Welcome to “How I’m Starting a Toy Company” Blog. Where “I” is former tech entrepreneur D.S.

Though I went to law school, I hate contracts, and any kind of legal work. I appreciate them. And, I appreciate lawyers. I just detest drafting or reviewing contracts. I find it incredibly boring. I can spend hours thinking about the location of a modifier. That said, contract are important. Very important. And, right now, I need to wrap up a contract with my ‘toy designer.’ This person, – awesome! – took my 32 page specifications document (for 1 stuffed animal toy) – and brought it to life.

As background, my sourcing agent (LB) introducing me to a local toy designer some 3 months ago to help me realize my creative vision. In my case, trying to realize a stuffed animal, a toy designer is really someone that is an expert seamstress. He/She knows how to work with thick plush (faux fur) fabric and sculpt it into a desired shape. (I already had my very specific creative vision, my specifications document, and all materials that I wanted used in the construction of the toy).

As a side note, Chinese (or other Asian) factories will create prototypes of your creative vision – often, at no cost to you. However, at the advice of my sourcing agent, I decided instead to work with a local toy designer to come up with my prototype. Why? I think when my agent saw my 30-something page(s) of specifications of 1 toy, she saw problems. This was not a simple thing to outsource. The Chinese would have a hard time understanding all my text and rules (simple instructions and pictures are better). I was a perfectionist. And, this process would take several back and forth mailings of prototypes/samples. Most importantly, mail takes time (1 week via mail each way) + mail is expensive ($200-$300 each time/way). It would be less expensive + quicker to work with a local seamstress to develop my prototype, my ‘golden sample.’

My sourcing agent introduced me to a toy designer (JP) in early March. I had no idea that toy designers existed or what they really were. I thought I was what you would call the toy designer. (Turns out toy designers are like suped-up seamstresses that function like engineers). In any case, we started working with JP in March. She is awesome; I would recommend her to anyone. We have been working back and forth for the last several months. How patient she is to not only work with me (an absolute novice!) but also a perfectionist that starts the process of a stuffed animal toy design with so many pages of creative instruction! Thank you to JP.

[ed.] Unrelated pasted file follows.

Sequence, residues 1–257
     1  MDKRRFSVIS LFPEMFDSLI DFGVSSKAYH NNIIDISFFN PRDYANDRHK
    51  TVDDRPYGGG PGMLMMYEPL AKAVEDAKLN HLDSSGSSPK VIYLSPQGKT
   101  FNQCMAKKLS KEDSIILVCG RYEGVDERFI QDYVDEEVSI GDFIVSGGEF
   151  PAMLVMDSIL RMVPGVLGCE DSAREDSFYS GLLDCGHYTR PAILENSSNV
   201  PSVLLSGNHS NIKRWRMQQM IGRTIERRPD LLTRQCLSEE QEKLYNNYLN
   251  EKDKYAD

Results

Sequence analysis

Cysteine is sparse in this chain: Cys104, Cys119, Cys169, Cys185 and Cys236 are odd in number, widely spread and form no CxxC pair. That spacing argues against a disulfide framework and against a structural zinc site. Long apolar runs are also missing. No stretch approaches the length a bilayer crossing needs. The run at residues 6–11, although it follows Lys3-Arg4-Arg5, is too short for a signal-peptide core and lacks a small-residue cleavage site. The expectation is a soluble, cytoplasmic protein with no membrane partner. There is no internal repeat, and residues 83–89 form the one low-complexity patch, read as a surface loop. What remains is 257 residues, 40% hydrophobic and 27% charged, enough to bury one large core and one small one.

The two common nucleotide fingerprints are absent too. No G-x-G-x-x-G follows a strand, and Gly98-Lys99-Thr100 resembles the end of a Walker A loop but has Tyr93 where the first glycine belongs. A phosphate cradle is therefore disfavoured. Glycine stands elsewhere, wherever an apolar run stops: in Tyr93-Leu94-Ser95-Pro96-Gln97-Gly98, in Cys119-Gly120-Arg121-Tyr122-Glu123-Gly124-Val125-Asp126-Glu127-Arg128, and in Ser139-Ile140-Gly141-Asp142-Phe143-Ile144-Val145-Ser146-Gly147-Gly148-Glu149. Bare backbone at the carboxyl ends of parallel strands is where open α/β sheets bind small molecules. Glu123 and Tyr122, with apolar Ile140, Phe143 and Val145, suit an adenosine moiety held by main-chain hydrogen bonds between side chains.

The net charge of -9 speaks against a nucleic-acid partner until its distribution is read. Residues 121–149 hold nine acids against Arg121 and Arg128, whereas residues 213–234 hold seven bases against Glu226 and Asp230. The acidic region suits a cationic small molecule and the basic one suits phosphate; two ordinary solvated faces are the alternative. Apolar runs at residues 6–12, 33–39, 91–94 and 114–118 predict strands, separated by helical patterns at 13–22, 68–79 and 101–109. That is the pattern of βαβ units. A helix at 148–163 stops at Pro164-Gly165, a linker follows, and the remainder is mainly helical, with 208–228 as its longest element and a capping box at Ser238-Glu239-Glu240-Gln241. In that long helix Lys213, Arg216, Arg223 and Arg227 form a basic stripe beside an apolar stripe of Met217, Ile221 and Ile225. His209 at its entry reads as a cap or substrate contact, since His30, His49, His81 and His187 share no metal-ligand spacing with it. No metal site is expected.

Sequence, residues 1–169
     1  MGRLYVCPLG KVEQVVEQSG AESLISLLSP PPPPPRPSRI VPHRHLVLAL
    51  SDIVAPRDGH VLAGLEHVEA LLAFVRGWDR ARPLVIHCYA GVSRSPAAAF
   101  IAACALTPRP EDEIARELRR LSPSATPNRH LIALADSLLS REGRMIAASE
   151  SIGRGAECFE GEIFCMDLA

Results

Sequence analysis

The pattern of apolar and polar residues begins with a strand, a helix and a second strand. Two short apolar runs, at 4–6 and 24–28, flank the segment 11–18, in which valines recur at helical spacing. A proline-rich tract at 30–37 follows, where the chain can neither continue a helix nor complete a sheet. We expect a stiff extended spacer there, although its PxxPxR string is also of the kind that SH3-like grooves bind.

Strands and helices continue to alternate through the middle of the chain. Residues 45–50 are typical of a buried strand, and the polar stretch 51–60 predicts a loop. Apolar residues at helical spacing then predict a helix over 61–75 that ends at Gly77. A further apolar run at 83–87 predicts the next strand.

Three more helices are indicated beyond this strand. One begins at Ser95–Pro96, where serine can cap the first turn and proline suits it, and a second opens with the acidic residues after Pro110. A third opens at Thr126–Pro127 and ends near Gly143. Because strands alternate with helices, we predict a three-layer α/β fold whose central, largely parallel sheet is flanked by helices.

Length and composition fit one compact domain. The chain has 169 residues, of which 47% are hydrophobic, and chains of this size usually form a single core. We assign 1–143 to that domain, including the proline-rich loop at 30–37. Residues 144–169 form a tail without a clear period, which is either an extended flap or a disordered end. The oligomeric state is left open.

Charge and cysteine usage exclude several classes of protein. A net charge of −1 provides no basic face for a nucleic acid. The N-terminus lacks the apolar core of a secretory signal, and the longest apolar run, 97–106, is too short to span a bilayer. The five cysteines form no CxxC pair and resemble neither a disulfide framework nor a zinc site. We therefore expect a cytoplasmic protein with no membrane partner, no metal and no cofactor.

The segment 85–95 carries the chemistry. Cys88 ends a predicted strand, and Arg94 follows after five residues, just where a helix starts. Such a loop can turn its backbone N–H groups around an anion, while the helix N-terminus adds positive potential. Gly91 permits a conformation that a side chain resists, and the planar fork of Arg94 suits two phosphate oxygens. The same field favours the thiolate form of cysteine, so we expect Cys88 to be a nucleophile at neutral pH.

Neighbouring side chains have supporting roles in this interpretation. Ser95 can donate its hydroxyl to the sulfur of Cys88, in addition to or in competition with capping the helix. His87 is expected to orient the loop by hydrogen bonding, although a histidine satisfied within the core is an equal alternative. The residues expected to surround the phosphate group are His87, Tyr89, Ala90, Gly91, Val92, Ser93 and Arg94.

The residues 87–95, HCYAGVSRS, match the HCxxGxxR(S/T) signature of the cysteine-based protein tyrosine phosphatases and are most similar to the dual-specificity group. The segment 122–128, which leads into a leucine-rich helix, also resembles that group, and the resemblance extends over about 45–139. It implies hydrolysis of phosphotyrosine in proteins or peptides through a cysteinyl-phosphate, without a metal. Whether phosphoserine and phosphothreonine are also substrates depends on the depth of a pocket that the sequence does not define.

Though we have a great working relationship, and have been working together for months, we do not have any kind of written agreement. And, I wanted to make sure we do have a written agreement – to reflect that this was and is a work-for-hire situation – where I (Company) owns all work product. 99% of companies may fail – but if this company succeeds, I don’t want to have grey areas around IP ownership. Clear ownership over I.P. is also important in any kind of a license or sale situation. Especially IP ownership around the core toy that gives life to the entire brand (think the American Girl doll model of the American Girl Doll brand).

Not wanting to open the door on legal expenses at this stage of this start-up, I decided (hopefully, not mistakenly) to partly draft my own contract. My husband is also an entrepreneur and so we both have Independent Contractor agreements (AKA Work for Hire agreements) in our roster of legal agreements. These are legitimate legal contracts that we had paid big attorneys in New York for. If you are in a situation where you need one of these agreements, you can usually get one out of the box from an A+ firm for a couple hundred dollars (contrary to public opinion, they are not expensive to get from fancy law firms if you do not require  customization) – or, this has been my experience.

My work-for-hire contract needed some modification. And, I thought I was capable of modifying it myself, with the help of Kenneth A. Adams’ book A Manual of Style for Contract Drafting. (The book is geared for attorneys. Non-attorneys will want to pull their hair out – for example, Adams dedicates several pages to when you should use the word ‘should’ vs. ‘may’. He has an awesome blog too: http://www.adamsdrafting.com). I modified the agreement by shortening it (to be less intimidating) and amending it to reflect pre-contract performance (AKA clarifying that the contract covered work done prior to the signing of the contract and that payment was for work  performed prior to the signing of the contract). After about 10 hours, I ended up with a 2 page 12 pt. font contract. I wish I could afford an atty. Signed and countersigned on May 22. Glad that is wrapped up.